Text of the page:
Takeout review: The Lorelei sausage kart

click to enlarge CP PHOTO: MAGGIE WEAVER

CP Photo: Maggie Weaver

Hot dog carts aren’t known for their culinary prowess. If I’ve learned anything from romantic comedies and their infamous New York City hot dog stands, it’s that most carts operate with a two-ingredient formula: a hot dog and a bun.

This is not the case at Lorelei, East Liberty’s Alpine-inspired eatery.

Lorelei’s sausage kart, developed in mid-April as a creative way to expand takeout offerings amid the ongoing pandemic, boasts eight dogs. Creations range from the classic formula — a “Plain Jane” dog, with ketchup, mustard, and sauerkraut — to the everchanging dog of the week, recently the Seattle dog, dressed with the fixings of a jalapeño popper: cream cheese and fresh jalapeños, plus caramelized onions and sriracha.

I had a choice of four options for each dog — the classic frank, kielbasa, a beer bratwurst, and a vegetarian carrot dog. I chose Lorelei’s classic frank to go with my two Asian-inspired dogs: the Banh Mi, sporting bright jalapeños, vegan sriracha mayo, cucumber, and pickled carrots and radishes; and Korean, with peanuts, gochujang, and kimchi. It seemed fitting to go with a kielbasa for the Reuben dog, matched with Russian dressing, sauerkraut, gruyere, and caraway seeds, and a beer bratwurst for the Beiermeister, slathered with beer cheese and topped by onions and bacon. Every dog is placed on a house-baked bun, either traditional sesame or a vegan pretzel bun.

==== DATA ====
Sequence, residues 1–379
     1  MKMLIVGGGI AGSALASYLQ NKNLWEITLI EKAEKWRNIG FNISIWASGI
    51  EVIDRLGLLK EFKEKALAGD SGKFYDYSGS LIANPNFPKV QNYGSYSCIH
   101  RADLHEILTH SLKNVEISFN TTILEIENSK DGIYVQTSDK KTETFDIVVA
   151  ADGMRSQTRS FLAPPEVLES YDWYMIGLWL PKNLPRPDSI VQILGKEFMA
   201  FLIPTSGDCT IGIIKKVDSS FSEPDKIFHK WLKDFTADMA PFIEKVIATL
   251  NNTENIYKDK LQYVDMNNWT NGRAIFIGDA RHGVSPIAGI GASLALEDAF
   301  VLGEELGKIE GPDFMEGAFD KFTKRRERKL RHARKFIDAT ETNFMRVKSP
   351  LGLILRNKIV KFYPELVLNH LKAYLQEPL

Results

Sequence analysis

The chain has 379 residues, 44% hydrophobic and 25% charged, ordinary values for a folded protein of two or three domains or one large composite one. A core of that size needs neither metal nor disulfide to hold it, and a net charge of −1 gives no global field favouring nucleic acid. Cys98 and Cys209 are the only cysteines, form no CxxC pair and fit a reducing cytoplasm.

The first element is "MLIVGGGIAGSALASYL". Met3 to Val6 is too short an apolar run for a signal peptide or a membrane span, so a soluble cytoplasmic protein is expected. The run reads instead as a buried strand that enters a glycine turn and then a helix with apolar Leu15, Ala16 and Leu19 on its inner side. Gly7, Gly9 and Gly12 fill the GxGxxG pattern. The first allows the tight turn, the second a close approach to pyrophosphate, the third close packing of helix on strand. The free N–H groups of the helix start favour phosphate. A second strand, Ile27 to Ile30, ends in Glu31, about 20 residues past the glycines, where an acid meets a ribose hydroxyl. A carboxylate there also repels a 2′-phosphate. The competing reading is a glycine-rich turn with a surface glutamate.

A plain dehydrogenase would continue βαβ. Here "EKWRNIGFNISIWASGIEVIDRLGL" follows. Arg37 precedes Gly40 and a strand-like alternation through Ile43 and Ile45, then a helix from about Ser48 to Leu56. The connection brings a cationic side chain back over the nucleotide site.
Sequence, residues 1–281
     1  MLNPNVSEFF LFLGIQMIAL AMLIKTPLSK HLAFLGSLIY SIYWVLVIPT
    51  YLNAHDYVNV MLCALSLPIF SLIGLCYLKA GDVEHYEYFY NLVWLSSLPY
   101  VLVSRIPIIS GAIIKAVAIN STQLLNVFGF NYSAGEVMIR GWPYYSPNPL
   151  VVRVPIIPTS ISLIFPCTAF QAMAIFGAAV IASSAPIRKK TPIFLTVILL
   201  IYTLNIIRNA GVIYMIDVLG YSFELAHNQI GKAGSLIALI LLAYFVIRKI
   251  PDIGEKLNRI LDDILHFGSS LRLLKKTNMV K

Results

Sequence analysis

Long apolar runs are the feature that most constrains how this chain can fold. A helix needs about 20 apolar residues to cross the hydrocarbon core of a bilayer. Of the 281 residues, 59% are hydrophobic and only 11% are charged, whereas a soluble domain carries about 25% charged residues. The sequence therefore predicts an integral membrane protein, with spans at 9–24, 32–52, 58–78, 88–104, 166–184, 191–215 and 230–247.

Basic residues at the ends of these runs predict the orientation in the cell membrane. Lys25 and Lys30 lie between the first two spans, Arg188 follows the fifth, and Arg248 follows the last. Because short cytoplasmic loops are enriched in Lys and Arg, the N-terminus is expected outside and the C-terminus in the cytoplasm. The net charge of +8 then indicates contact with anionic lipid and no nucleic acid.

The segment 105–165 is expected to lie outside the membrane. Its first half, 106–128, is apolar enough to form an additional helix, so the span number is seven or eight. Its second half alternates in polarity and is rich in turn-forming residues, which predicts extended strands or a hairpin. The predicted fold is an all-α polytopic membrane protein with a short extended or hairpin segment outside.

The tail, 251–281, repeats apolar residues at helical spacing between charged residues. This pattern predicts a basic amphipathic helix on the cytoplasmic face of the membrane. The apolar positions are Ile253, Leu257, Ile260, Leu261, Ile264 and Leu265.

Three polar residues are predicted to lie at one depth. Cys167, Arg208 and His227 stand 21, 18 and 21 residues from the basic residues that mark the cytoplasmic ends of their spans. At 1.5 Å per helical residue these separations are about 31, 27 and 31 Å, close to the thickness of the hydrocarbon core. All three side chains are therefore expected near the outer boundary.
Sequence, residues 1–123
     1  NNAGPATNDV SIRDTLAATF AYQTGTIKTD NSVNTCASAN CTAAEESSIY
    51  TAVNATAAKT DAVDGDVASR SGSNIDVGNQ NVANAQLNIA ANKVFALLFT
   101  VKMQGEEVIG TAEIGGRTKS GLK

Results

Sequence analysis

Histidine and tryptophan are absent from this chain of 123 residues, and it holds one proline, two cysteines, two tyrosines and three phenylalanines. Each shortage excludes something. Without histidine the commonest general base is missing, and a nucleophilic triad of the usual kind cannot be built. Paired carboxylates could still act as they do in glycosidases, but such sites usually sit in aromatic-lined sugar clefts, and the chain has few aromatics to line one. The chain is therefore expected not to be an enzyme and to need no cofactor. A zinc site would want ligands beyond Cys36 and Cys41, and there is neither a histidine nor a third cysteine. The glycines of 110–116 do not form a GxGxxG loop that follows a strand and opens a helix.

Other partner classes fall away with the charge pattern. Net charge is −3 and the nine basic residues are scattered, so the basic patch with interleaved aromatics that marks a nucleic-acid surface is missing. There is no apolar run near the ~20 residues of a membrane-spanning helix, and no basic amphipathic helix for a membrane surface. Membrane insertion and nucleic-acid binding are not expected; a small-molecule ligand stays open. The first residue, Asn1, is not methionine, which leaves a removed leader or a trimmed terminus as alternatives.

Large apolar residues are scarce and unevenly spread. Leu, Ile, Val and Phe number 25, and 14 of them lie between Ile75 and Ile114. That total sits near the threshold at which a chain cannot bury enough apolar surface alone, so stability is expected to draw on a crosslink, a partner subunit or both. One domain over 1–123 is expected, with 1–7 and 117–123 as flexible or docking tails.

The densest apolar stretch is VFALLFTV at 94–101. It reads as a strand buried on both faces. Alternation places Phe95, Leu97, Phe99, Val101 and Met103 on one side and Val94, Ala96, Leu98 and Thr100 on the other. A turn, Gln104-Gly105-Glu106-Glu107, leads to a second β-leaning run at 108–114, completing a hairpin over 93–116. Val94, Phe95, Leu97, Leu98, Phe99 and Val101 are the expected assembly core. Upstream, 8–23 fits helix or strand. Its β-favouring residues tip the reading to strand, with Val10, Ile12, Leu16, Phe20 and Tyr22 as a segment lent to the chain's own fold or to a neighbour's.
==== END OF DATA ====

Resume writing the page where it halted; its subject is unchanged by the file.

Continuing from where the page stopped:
I preferred Lorelei’s franks over the other sausages. They weren’t the average hot dog expected from a cookout or a ballgame; they were all-beef and didn’t taste overly-processed, boasting a pleasant, cured flavor. There was just enough snap to give a satisfying pop with each bite through the casing.

The Asian-inspired dogs were by far my favorites. The cured flavor worked quite well with the slightly sour and spicy banh mi toppings, creamy sriracha mayo balancing out the pickled veggies. I found it to be — a word that I never considered a hot dog to be — refreshing.

Gojuchang, Korean red chili paste, turned the Korean dog sweet. Fermented flavors echoed from the kimchi to the sauce, the peanuts adding a crunchy layer.

Though hot dogs were the obvious star of the kart, I indulged my Pennsylvania-dutch heart by adding a beet-pickled egg to my meal. If you’ve never had a pickled egg, don’t knock it; the vinegar adds a nice sour tang, the beets an earthy sweetness.

Truly, Lorelei’s sausage kart can’t really be called a cart — it’s actually a pick-up window from the restaurant, with no wheels in sight. But cart or no cart, Lorelei is churning out top-notch dogs.